Wine: Choosing a wine for yourself.

by Ben Nuttall  (WSET® Level 3 Award in Wines and Spirits)

Ben in Melbourne    Ben at Millesima2   Professional learning in Bordeaux, at Millesima  Fine Wine Merchants


When choosing your wine, ladies and gentlemen, it does not HAVE to be expensive to be enjoyed and savoured!  You do NOT have to spend $100+ to get a wine that will blow your mind and enchant the senses so much so that you remember it for years to come. Being a wine connoisseur or even just enjoying your evening drop doesn’t have to cost an arm and a leg – I’ve had some bottles of $15-20 wine that I enjoyed far more than some $150 bottles I’ve tried. There are a number of questions I ask myself or customers when buying a bottle of wine:


1) Am I/are they drinking the wine in the near future?

If I’m drinking the wine soon then buying a $100+ bottle of 2-3yrs old red wine is not the best option.  The wine will be too young and the experience won’t be as enjoyable as the winemaker envisioned it to be. The various elements of the wine won’t be in harmony as they are yet to mature in the bottle fully.  Sure, it might taste amazing in 10-15 years time but not for tonight.  Instead, try turning to something in the $10-20 range that may be youthful but was designed by the winemaker to be enjoyed young and fresh. All the flavours will be there and working together and will make the overall experience far, far better.


2) What do I / they want out of the wine?

Do you want something that has layers of different flavours so that every time you have a mouthful you get a different experience? Or do you simply want something you can sit and enjoy without having to consider it?  Something with layers of complexity will generally cost more (the winemaker has invested a lot of time and money into creating their masterpiece) but sometimes the experience is worth the extra cost. It’s all about weighing up whether this matters to you for the occasion – not many people want a Penfolds Grange with their pizza and football when they might enjoy a cleanskin Barossa shiraz just as much. If you don’t want to think about every mouthful, don’t stress!  As long as the wine is right for the occasion it doesn’t matter if it cost you $5 or $500.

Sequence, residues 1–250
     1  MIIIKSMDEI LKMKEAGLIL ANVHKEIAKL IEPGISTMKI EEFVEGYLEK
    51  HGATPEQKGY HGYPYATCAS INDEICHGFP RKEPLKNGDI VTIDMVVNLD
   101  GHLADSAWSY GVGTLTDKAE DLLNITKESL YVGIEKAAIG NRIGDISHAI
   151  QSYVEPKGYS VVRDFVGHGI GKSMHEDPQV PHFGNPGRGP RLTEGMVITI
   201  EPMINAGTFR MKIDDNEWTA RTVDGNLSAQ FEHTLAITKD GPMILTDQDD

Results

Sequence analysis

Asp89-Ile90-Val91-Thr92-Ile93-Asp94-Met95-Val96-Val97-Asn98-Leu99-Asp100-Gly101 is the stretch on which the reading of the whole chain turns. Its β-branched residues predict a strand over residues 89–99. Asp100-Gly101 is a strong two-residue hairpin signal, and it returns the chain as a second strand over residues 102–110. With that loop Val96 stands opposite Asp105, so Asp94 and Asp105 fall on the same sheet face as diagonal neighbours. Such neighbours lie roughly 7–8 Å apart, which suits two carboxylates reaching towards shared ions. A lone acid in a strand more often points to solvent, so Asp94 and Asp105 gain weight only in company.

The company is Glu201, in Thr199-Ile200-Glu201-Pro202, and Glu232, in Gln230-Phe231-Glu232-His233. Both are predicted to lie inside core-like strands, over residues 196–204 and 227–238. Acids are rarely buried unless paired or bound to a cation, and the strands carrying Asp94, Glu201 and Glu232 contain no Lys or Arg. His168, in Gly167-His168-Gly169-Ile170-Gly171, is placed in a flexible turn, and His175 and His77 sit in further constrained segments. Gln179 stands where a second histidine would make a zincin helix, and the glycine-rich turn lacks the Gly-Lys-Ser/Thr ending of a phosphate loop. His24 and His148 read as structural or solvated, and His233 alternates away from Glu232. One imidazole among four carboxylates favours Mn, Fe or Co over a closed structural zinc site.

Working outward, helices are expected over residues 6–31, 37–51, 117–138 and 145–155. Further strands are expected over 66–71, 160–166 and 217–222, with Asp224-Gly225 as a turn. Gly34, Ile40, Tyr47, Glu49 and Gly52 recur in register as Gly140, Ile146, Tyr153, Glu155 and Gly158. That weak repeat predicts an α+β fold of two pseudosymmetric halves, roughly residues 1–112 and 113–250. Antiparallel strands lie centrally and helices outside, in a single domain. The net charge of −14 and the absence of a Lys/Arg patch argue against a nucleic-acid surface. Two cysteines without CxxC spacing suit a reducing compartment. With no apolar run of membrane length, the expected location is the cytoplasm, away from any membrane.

3) How is my / their palate?

Wine is a very subjective drink and everybody has a different palate – if you give the exact same wine to 5 people, every single one will take something different out of it.  Your palate changes day-to-day based on what you’ve eaten, how much sleep you’ve had, your mood and a multitude of other factors.  Even after taking that into account, everybody’s palate is different – some people like lots of sweetness, some people like their wines very dry – and no palate is wrong. To be able to get the most out of wine it is a matter of learning what your palate is like and exploring the different flavours out there.  If your palate can’t tolerate very grippy tannins then it won’t matter if you spend $100 or $10 on a Cabernet Sauvignon, chances are you won’t enjoy it.  Find the varieties that work for you and work within those or look for others similar to them. A $10 bottle of a variety that you love will be far more enjoyable than a $100 bottle of one you don’t.


In essence, the more expensive wine isn’t always the best and there are some incredible wines out there that don’t cost a fortune.  Find what works for your taste and for the situation and go with that – sometimes it might be an expensive bottle but often there is a cheaper and just as enjoyable option!

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